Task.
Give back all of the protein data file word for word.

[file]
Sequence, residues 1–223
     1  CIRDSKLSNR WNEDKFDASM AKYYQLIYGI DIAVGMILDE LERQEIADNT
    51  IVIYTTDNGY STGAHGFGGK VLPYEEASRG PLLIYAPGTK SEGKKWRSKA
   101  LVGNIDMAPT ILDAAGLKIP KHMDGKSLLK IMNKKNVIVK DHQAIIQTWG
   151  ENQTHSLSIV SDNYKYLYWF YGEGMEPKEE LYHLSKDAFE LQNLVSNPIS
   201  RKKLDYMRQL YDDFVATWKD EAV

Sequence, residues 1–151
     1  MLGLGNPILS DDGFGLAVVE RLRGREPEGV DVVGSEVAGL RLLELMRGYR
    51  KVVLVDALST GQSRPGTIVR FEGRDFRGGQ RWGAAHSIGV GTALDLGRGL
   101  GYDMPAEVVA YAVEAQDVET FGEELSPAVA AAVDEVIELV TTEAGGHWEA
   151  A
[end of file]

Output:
Sequence, residues 1–223
     1  CIRDSKLSNR WNEDKFDASM AKYYQLIYGI DIAVGMILDE LERQEIADNT
    51  IVIYTTDNGY STGAHGFGGK VLPYEEASRG PLLIYAPGTK SEGKKWRSKA
   101  LVGNIDMAPT ILDAAGLKIP KHMDGKSLLK IMNKKNVIVK DHQAIIQTWG
   151  ENQTHSLSIV SDNYKYLYWF YGEGMEPKEE LYHLSKDAFE LQNLVSNPIS
   201  RKKLDYMRQL YDDFVATWKD EAV

Sequence, residues 1–151
     1  MLGLGNPILS DDGFGLAVVE RLRGREPEGV DVVGSEVAGL RLLELMRGYR
    51  KVVLVDALST GQSRPGTIVR FEGRDFRGGQ RWGAAHSIGV GTALDLGRGL
   101  GYDMPAEVVA YAVEAQDVET FGEELSPAVA AAVDEVIELV TTEAGGHWEA
   151  A